Encyclopedia of American Food and Drink, John F. Mariani [Lebhar-Friedman:New York] 1999

“…But to old-time Brooklynites, a charlotte russe was a round of sponge cake topped with sweetened whipped cream, chocolate sprinkles, and sometimes a marashcino cherry, surrounded by a frilled cardboard holder with a round of cardboard on the bottom. As the cream went down, you pushed the cardboard up from the bottom, so you could eat the cake…these were Brooklyn ambrosia.”
The Brooklyn Cookbook, Lyn Stallworth and Rod Kennedy, Jr. [Alfred A. Knopf:New York] 1994 (p. 386)

So you pushed the whole thing up like a cake and cream push pop.

Up and Coming

Ok, yes.  I should be posting more often.  I know.

But please don’t think I’ve abandoned this blog; in fact, my silence has come for all the right reasons.  I’ve got some great projects in the works.

I’m putting together some exciting events for the spring, including another New York 19th Century Pub Crawl in May, AND I’ll be taking the Pub Crawl on the road to Boston this April.  I’m also continuing my relationship with the Old Stone House in Brooklyn; we’ll be presenting some fun, free events in the near future.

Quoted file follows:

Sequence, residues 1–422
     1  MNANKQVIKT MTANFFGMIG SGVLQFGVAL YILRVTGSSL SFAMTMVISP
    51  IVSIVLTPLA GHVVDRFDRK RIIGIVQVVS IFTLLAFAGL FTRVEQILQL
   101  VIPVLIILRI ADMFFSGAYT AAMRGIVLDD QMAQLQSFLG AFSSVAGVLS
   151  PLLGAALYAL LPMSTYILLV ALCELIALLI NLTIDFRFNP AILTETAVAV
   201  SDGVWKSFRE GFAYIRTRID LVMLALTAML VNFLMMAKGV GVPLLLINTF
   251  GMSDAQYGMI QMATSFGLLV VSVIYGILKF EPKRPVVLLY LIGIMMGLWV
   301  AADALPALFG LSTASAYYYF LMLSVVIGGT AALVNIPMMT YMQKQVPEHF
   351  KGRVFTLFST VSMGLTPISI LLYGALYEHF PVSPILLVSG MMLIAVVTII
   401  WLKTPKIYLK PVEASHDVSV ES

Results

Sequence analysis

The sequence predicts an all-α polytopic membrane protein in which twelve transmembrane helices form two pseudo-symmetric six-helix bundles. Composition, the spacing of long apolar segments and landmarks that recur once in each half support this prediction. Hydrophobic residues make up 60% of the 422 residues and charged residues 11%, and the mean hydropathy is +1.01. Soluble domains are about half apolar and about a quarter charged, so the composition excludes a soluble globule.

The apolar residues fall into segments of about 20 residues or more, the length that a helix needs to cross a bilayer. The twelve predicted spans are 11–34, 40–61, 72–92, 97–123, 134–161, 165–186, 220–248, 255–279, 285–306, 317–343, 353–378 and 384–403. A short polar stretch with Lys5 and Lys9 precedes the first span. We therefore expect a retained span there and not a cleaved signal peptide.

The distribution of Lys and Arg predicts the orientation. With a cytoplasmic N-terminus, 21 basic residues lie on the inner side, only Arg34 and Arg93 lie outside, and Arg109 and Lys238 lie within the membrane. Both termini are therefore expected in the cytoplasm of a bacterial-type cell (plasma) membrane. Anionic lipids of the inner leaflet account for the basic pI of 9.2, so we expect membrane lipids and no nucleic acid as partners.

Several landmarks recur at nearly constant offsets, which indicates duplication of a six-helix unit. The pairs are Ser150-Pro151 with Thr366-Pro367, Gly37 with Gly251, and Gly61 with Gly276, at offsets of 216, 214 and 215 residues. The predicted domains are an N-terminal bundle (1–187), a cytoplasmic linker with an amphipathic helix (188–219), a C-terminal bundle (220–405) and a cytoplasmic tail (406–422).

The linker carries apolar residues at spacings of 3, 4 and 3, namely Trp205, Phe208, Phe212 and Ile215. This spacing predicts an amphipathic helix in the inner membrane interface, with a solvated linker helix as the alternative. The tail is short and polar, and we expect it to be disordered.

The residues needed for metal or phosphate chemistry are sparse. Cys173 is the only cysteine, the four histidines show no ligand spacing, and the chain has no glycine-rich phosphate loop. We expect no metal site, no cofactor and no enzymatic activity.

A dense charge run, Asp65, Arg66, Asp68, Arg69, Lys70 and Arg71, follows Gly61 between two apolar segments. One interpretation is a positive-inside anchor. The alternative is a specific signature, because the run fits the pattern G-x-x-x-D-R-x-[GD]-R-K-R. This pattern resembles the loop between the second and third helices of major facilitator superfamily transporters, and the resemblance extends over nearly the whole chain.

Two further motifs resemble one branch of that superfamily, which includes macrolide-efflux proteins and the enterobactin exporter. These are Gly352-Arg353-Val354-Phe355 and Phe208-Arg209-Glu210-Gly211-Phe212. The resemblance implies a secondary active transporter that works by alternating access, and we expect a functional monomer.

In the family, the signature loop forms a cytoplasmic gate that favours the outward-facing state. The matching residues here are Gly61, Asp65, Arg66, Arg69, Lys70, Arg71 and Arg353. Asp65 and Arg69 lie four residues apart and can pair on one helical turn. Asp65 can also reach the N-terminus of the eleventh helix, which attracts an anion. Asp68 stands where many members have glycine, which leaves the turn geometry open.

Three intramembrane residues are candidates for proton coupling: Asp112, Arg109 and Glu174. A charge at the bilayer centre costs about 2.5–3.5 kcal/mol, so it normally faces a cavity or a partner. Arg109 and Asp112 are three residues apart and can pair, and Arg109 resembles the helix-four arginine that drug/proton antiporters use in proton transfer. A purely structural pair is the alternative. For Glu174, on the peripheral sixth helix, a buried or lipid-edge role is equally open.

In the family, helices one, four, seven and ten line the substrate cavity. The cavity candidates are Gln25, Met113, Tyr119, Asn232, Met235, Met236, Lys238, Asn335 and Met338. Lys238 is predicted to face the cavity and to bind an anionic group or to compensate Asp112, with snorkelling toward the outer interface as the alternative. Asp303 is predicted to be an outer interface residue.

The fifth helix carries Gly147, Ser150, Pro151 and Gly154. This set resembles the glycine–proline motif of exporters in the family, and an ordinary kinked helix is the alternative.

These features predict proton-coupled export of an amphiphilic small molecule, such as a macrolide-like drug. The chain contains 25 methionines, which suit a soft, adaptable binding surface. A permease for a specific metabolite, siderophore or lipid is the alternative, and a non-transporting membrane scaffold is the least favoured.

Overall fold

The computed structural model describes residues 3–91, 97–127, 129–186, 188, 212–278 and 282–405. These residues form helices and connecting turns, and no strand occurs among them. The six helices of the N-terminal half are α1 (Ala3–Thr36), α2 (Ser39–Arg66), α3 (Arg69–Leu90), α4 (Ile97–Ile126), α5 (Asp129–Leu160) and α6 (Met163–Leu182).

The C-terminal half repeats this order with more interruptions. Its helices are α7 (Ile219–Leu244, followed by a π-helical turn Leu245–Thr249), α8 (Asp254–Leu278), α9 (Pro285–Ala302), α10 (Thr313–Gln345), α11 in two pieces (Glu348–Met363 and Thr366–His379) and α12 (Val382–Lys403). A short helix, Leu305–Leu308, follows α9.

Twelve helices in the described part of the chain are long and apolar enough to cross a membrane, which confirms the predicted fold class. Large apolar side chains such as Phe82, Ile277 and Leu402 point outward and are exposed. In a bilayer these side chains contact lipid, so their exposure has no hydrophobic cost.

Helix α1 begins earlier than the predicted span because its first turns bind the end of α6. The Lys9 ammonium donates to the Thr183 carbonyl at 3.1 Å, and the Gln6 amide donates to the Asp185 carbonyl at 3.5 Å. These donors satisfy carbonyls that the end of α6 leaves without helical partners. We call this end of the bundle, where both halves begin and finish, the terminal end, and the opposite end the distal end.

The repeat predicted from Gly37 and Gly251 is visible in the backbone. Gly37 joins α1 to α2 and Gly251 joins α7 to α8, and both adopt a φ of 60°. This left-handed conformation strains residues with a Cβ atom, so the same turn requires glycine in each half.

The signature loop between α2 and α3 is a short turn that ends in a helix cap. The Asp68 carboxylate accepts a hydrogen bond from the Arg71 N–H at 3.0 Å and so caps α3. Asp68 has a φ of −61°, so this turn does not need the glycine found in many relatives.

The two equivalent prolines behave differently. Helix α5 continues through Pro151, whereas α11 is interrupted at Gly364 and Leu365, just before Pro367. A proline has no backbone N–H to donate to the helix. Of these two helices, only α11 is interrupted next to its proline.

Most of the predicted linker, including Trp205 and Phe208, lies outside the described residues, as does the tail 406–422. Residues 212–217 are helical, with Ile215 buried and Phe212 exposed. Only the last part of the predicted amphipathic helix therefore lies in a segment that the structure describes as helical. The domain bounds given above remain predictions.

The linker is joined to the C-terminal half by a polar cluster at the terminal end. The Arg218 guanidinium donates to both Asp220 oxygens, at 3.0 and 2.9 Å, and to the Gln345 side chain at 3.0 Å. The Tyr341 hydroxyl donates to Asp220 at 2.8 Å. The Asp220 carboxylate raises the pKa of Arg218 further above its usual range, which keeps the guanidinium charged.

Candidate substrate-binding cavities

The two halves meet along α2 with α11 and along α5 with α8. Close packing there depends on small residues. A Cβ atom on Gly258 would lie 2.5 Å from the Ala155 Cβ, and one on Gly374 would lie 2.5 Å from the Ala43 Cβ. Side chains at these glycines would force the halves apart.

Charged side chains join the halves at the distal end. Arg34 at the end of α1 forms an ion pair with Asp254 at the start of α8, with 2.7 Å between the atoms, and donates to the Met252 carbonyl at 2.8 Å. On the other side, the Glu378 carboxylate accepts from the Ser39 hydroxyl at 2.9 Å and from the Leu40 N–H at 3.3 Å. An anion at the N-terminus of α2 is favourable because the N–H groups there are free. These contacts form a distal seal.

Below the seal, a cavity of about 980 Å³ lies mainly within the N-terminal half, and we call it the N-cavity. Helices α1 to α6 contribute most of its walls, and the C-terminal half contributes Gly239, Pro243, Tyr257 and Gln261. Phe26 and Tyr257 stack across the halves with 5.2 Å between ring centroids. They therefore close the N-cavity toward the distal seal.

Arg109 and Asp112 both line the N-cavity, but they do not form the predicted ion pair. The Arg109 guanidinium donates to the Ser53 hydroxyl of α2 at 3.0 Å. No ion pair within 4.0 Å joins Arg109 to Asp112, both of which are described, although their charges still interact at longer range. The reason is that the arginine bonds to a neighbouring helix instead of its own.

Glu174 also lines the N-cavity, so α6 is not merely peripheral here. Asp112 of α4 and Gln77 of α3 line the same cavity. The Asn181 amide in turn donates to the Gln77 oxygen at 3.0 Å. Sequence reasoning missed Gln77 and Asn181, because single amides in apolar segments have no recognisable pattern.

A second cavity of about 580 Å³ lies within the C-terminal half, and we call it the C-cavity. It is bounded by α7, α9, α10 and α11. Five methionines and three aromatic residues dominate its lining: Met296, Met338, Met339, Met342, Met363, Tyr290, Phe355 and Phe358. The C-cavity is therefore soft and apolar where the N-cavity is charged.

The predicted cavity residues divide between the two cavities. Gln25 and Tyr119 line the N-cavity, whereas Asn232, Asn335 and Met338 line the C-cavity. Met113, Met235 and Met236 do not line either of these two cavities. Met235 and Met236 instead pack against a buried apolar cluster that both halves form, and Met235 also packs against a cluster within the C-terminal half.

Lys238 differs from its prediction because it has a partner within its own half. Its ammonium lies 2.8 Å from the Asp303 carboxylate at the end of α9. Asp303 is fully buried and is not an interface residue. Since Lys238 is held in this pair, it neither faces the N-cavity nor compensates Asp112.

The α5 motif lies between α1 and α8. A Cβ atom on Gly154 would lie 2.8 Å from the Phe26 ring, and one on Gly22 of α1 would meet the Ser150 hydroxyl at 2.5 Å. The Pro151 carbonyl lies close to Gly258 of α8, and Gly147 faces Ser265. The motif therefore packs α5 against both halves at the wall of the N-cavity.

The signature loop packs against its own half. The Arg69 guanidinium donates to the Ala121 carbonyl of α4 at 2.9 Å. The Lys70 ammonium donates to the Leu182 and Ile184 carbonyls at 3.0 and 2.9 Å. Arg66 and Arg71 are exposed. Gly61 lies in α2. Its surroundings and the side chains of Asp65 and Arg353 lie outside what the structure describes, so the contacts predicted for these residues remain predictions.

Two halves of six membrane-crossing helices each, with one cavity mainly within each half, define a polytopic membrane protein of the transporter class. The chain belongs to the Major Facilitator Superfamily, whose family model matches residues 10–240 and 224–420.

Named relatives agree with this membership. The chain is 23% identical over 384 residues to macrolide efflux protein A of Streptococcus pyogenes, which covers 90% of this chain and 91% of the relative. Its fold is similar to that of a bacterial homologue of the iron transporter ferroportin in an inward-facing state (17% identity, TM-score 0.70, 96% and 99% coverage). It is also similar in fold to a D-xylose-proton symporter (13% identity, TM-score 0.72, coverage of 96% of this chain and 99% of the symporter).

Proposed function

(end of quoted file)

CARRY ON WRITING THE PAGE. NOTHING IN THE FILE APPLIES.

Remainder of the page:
I’m working on an article for the summer issue of Edible Queens Magazine, featuring an historic menu you can make yourself and dazzle your friends.  I’m also shooting a short documentary with PBS Japan–so if you have Japanese cable, or if you are in Japan, you can see me there.

I’m also working with two talented friends, Ben Kinsley and Peter van Hyning, to redesign this blog.  We’ll be launching a whole new look in the coming months.

So stick with me.  We’ll have some fun.

Video: Longing for a Simpler Time

Although I am history enthusiast, I have never once longed to live in a time other than my own.  In fact, I’ve never quite understood those who want to go back to the “simpler time” of the Victorian era.  Before germ theory?? Before Antibiotics?? I don’t quite get it.

Luckily, The Daily Show agrees with me, and produced this hysterical segment which beautifully illustrates my point.  It features Great Depression Cooking star Clara Cannucciari recounting her tough times in the 1930s (try the Poor Man’s Meal! It’s delicious!).

I think we need to appreciate the time that we live in, while keeping the past in our hearts and minds.


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Origin of a Dish: Macaroni and Cheese

An American classic.

Macaroni and Cheese is largely thought of as a modern dish, thanks to the “Kraft Dinner,” introduced in 1937 and used as rations during WWII.  But good ‘ol Mac n’ Cheese  has a much longer history.  In fact, I’ve already cooked up two different versions of this classic dish on this blog: a simple, 19th century version I ate during the Tenement Diet, and a more decadent recipe using neufchatel cheese during the Kellogg Diet.